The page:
When Olympic sailing begins Aug. 8 in Qingdao, China, Floridians will represent the United States in four of the 11 classes.
St. Petersburg's Ben Barger and Miami's Nancy Rios will sail in the RS:X classes, while Clearwater's Zach Railey and Fort Lauderdale's Anna Tunnicliffe will compete in the Finn and Laser Radial classes, respectively, in a venue known for its light wind.
The waters off Qingdao, a coastal city located about 400 miles southeast of Beijing, have been plagued by aquatic weeds and an algae bloom.
"They have had thousands of volunteers out there trying to clean up the mess," Railey said before leaving for China. "They seem to have gotten things under control."
Barger, who learned his sport sailing the waters off Tierra Verde, will take it all in stride.
"Sailors learn to adapt to changing conditions," he said. "Whatever it is, you deal with it."
All nine of the Olympic boats are "one-design," meaning that the athletes will be sailing identical craft, all built to the exact same size and weight specifications. One-design racing assures that the sailor with the most skill, not the fattest wallet, gets the gold.
A breakdown of the boats and the U.S. sailors:
•Laser (men's one-person dinghy): One of the most popular single-handed sailing crafts in the world, with more than 150,000 in service in 85 countries, the Laser measures 13 feet, 11 inches and has a sail area of 76 square feet. The boat made its Olympic debut in 1996, and the U.S. sailor is Andrew Campbell.
•Laser Radial (women's one-person dinghy): With the same basic hull design as the Laser, the Laser Radial has 19 percent less sail and a lower, more flexible mast configuration. Popular with sailors of all skill levels and ages, the Radial replaced the Europe after the last Olympic Games and will make its debut as the new single-handed women's boat in Qingdao. The 25-year-old Tunnicliffe, a 2005 graduate of Old Dominion University, will represent the United States.
•470 (two-person dinghy): Dubbed by U.S. Sailing as "the everyman boat of competitive racing," this two-handed centerboard sailboat is a true high-performance planing dinghy. Designed in 1963 by French naval architect Andre Cornu, the 470 made its Olympic debut in 1976.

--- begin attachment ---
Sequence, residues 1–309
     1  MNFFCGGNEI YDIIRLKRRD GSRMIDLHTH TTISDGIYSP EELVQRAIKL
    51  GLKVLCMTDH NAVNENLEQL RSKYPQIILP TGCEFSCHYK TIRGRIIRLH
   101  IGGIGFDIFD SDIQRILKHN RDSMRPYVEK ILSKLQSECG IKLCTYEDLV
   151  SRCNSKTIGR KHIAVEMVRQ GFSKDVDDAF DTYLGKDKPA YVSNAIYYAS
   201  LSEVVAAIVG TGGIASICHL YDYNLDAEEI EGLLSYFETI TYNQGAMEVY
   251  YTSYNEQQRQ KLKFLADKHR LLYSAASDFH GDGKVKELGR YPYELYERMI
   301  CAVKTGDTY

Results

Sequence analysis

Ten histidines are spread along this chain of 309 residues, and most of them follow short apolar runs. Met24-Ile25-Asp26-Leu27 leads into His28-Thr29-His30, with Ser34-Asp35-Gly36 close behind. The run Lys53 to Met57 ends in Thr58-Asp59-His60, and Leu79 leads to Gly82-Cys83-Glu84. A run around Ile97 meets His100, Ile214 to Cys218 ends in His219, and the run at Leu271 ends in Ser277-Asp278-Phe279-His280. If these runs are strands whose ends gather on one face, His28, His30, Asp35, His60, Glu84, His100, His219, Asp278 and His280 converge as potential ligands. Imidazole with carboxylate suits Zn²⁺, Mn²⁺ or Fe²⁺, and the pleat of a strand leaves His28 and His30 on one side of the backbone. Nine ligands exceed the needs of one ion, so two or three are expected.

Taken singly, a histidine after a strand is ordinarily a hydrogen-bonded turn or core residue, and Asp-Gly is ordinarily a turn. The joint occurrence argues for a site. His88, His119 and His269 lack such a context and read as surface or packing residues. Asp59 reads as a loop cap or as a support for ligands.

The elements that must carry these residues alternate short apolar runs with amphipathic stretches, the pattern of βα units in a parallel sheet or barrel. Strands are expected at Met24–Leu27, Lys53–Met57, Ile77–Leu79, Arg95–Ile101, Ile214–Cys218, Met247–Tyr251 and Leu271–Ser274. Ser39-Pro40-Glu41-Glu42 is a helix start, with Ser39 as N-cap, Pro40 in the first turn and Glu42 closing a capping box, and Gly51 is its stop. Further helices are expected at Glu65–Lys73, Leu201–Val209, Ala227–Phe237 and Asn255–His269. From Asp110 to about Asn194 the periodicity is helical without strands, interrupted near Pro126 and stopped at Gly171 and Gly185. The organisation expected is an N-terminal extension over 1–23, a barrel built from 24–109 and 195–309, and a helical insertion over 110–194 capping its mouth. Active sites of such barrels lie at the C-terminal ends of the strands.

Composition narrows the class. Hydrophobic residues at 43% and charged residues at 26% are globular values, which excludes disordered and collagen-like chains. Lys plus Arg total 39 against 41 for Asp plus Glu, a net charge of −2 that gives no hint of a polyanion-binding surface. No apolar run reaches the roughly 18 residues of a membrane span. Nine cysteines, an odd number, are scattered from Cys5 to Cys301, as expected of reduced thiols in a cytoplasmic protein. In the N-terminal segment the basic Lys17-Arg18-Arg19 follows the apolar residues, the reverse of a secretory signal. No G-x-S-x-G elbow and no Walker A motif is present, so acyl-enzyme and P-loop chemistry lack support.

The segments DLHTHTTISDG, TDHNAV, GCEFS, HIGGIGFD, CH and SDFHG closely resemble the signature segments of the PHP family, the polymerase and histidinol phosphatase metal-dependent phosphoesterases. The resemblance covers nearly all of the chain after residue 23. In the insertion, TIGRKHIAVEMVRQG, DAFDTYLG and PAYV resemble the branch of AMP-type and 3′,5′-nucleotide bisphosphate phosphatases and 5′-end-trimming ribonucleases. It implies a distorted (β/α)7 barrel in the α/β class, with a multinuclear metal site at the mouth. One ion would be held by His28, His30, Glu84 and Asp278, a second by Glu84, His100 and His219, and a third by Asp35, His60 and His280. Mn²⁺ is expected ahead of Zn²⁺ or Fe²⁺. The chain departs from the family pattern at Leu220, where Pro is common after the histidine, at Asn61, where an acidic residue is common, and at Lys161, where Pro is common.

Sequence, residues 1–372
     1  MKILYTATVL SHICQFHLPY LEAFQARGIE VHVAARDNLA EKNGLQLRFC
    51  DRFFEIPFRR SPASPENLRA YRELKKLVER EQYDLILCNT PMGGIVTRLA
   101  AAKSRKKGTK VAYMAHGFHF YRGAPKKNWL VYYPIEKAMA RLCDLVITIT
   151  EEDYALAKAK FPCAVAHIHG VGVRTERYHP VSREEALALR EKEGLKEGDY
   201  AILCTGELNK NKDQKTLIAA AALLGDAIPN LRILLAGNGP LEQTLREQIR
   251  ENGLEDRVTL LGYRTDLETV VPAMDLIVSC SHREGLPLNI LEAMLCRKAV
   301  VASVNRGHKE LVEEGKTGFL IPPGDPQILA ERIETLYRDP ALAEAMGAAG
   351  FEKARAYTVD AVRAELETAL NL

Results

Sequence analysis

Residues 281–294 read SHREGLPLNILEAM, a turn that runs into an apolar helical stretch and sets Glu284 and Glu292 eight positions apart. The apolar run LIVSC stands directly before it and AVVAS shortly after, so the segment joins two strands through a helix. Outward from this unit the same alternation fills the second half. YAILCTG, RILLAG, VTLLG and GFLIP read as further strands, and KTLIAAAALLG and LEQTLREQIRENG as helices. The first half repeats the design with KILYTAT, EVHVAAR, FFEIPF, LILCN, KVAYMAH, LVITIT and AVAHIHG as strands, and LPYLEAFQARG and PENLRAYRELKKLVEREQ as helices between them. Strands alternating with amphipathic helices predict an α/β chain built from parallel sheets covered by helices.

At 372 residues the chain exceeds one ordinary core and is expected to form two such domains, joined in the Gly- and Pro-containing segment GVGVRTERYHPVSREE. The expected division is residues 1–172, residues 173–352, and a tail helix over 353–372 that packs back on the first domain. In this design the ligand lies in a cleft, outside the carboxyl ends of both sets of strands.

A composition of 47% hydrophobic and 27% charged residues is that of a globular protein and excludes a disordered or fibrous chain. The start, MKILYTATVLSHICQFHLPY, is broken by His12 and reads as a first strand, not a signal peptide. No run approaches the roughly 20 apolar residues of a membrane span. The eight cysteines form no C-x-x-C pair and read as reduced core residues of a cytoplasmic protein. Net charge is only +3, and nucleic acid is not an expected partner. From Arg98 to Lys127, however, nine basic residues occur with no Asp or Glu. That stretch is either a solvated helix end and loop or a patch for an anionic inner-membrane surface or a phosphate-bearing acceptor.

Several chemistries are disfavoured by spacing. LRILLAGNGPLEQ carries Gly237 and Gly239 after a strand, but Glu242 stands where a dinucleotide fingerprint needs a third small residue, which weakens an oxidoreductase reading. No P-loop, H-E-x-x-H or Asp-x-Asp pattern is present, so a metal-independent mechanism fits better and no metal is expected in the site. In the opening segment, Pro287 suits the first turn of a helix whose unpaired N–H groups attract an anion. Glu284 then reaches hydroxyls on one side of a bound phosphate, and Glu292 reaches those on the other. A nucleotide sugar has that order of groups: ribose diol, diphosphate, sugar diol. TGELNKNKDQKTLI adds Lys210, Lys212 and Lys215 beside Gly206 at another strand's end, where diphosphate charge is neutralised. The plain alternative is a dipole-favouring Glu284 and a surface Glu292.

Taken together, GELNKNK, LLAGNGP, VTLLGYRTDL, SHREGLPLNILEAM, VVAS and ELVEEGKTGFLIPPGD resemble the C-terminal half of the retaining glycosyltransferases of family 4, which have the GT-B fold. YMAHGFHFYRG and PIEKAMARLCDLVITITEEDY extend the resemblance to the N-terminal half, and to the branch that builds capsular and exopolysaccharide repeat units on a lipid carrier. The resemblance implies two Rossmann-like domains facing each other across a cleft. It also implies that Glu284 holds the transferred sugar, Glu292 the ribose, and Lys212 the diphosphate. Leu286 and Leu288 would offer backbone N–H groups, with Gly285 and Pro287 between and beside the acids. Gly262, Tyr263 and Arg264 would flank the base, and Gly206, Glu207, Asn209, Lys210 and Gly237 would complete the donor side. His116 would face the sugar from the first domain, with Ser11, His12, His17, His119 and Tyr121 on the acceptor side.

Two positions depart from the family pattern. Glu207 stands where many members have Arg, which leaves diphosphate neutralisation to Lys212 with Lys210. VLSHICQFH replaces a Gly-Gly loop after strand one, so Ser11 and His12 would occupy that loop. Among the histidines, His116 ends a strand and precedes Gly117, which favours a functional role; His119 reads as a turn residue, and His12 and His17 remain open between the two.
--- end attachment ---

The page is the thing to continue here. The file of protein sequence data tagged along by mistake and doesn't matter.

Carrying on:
The 470 is a light (264 pounds) and narrow (length, 15 feet, 6 inches; beam, 5 feet, 6 inches) boat mastered by a light and strong crew. Stu McNay and Graham Biehl are the U.S. men; Amanda Clark and Sarah Merganthaler the U.S. women.
•RS:X (windsurfing): Sailboards are widely considered the fastest sailing craft in the world. When a sailboard catches the wind and gets up on plane, it literally "flies" across the water. The first windsurfer to sail in the Olympics was the Lechner II in 1984. In 1996, the Mistral replaced the Lechner in both the men's and women's classes. Qingdao will see another board make its debut: the Neil Pryde RS:X. A hybrid board, the RS:X performs well in both sub-planing and planing conditions. Barger, a 27-year-old Eckerd College graduate, and Rios, 20, will sail for the United States.
•Finn (men's single-handed dinghy): The oldest continuous class in Olympic sailing, the Finn is one of the few boats that can be rigged to an individual sailor's style. Finn sailors tend to be big and strong, usually over 6 feet tall and 175 pounds. This one-man centerboard dinghy has been in competition since the 1952 Olympics in Finland. Railey, a 24-year-old graduate of the University of Miami, represents the United States in this class.
•49er (open double-handed high-performance dinghy): Designed in Australia, this 16-foot, double-trapeze skiff is highly technical. With its monstrous sail (639 square feet) and retractable "wings" for stability, the 49er is also super quick. Strong and light, the 49er weighs just 275 pounds when fully rigged. With a price tag of $16,000, the 49er tends to attract the daredevils of the sailing world. Tim Wadlow and Chris Rast will be the U.S. representatives in this class.
•Star (men's keelboat): Debuting in 1932 and sailing in every Olympics except the 1976 Games in Montreal, the Star class is steeped in tradition. The oldest one-design class (1910), the Star set the standard for modern international sailing. A challenge to sail in rough seas, the Star's large sail and long boom have earned it the nickname "The Torture Rack." John Dane III and Austin Sperry will make up the Americans' Star team this year.
•Tornado (open double-handed multihull): Capable of reaching 30 knots, the Tornado catamaran is one of the fastest sailboats on the water today. With its duel, 20-foot long, stiletto-shaped hulls and 272 square feet of sail, the Tornado has amazing acceleration. But with speed comes a price. The Tornado is a tippy craft capable of jaw-dropping wipeouts. The boat has undergone several refinements since it Olympic debut in 1976. John Lovell and Charlie Ogletree are the U.S. racers.
•Yngling (women's triple-handed keelboat): One of the newest Olympic boats, the Yngling burst on the international sailing scene in Athens in 2004. The Norwegian boat's name literally translates to "youngster." The design's inspiration came from the builder's 14-year-old son. Built for a crew of three weighing no more than 500 pounds, the $25,000 cost makes it relatively affordable compared other similar racing keelboats. The U.S. Yngling team is comprised of Sally Barkow, Carrie Howe and Debbie Capozzi.
Terry Tomalin can be reached at (727) 893-8808 or email@example.com. To submit sailing information, go to community.tampabay.com and click on the "Submit info here" link.